Gary McAllister begins a new chapter of his Liverpool story after taking up the role of first-team coach over a decade on from his departure as player.

There will be no late derby winners or famous European goals this time around, with the Scot now focused on making an impact at Melwood rather than Anfield.

But McAllister already has form for improving players at the Reds' training ground, according to one former colleague.

Steven Gerrard was a fresh-faced 20-year-old fighting for a place in the first team when Gary joined the club from Coventry City in the summer of 2000. 

And he has revealed just how much he learned from the former Scotland midfielder after overcoming the fear that he was set to take his starting berth.

Gerrard recalled: "I was devastated to be honest. I was thinking he’s going to come and take my place and I wasn’t going to play so my initial reaction was another top international midfielder to fight with. 

"At the time I was trying to move Paul Ince and Jamie Redknapp out the way to establish myself and then (Gerard) Houllier went and bought Gary McAllister who was on the same level as the two I was trying to move. 

"So it made my job an awful lot harder but when I first met him and trained with him my reaction changed because I knew he was going to help me an awful lot. 

"I knew there was a player there that I could learn off both on and off the pitch. He took a shine to me and helped me a lot to progress as a footballer on the pitch but also how to be humble and be a decent person off it. 

"So I owe Gary Mac an awful lot."

Despite McAllister only spending two years with the Reds in his first stint, he is considered a legendary figure in the club's history for his role in the treble-winning 2000-01 campaign.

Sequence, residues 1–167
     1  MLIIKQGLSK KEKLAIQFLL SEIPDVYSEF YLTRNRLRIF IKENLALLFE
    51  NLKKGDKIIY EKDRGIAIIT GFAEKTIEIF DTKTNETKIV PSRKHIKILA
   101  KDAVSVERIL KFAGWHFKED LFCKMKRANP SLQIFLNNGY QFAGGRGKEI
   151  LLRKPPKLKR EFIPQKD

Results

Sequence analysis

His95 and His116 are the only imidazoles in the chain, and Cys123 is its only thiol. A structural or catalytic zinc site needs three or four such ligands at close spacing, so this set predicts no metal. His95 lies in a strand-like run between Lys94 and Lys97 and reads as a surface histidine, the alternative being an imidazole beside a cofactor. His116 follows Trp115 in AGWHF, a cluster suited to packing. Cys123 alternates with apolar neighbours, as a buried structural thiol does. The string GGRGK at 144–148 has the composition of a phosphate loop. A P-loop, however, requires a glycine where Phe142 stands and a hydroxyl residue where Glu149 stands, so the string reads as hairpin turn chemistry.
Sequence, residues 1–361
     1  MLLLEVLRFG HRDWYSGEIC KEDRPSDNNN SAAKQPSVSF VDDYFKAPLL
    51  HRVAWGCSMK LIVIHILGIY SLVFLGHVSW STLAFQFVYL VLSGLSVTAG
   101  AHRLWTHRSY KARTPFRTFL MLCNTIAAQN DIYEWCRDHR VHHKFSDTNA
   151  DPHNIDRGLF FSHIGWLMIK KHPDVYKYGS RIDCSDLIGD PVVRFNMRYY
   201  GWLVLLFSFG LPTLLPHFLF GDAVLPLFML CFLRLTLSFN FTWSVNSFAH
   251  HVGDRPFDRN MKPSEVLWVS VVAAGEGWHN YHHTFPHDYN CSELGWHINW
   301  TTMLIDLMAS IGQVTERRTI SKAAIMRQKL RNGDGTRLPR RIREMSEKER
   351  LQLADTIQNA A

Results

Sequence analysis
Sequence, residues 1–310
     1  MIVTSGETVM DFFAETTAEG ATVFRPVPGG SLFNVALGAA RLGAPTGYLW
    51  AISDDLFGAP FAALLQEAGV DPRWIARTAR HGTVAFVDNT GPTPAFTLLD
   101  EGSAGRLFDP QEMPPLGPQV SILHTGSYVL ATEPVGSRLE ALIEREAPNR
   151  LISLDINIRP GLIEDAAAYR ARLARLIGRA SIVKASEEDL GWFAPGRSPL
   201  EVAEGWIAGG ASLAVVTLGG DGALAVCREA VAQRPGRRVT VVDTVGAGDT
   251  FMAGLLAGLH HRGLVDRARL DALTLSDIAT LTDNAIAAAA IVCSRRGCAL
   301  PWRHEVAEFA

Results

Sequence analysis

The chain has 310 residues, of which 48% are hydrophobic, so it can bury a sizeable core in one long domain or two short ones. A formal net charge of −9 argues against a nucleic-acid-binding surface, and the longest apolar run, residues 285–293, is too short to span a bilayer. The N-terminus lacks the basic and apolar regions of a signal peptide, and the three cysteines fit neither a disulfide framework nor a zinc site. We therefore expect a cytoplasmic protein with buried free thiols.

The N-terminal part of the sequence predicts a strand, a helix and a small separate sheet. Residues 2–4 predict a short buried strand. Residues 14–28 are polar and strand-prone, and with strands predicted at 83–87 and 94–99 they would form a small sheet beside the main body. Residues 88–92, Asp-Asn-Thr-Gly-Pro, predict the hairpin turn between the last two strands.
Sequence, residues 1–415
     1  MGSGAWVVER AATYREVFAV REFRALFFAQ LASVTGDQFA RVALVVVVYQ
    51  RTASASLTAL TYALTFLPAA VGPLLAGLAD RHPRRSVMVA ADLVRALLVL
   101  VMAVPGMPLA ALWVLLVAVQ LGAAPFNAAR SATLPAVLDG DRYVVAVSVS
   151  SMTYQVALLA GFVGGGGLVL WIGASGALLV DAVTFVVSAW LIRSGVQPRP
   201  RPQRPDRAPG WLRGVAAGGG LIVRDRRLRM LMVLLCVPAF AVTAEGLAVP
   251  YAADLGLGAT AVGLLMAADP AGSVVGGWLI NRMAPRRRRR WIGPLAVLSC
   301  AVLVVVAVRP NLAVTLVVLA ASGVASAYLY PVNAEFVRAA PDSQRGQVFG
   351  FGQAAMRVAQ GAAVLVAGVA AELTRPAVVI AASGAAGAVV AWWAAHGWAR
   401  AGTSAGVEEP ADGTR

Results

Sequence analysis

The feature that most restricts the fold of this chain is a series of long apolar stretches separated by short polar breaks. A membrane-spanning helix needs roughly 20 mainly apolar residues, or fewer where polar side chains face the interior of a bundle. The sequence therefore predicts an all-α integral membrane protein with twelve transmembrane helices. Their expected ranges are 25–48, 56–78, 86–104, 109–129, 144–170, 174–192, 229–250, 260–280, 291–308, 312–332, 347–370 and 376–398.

Gerrard admits he did not anticipate just how big an impression Gary would make, but believes the midfielder's professional approach was the key to his success.

"Well I don’t think anyone at the time thought he was going to have the influence and didn’t think he was going to contribute as much as he did," he said.

"Maybe even him himself didn’t realise it was going to go so well - it was like a dream for him. 

"Everything he touched sort of turned to gold in the short time that he was here. 

"But that was a credit to how well he looked after himself, how hard he trained and the sacrifices he made while he was here – I thought he was fantastic."

In fact, the former skipper's only regret is that Liverpool did not move for McAllister earlier in his career.

"I think the fans opinion on it is the same as mine, that Liverpool were probably eight-ten years too late buying him," he continued.

"I think if we’d have bought Gary at a young age when he was shining at Leeds, we’d of had a top player here for ten years rather than a couple. 

"But it wasn’t to be, but Gary McAllister was a Liverpool player for sure. 

"He was a top footballer who could pass and move. He had great vision, a lovely touch and as I say to you, all the top midfielders are one or two steps ahead of most on the pitch. 

"You look at Scholes, Lampard - those type of players - and Gary’s in that mould where he was very clever."

White excited by new challenge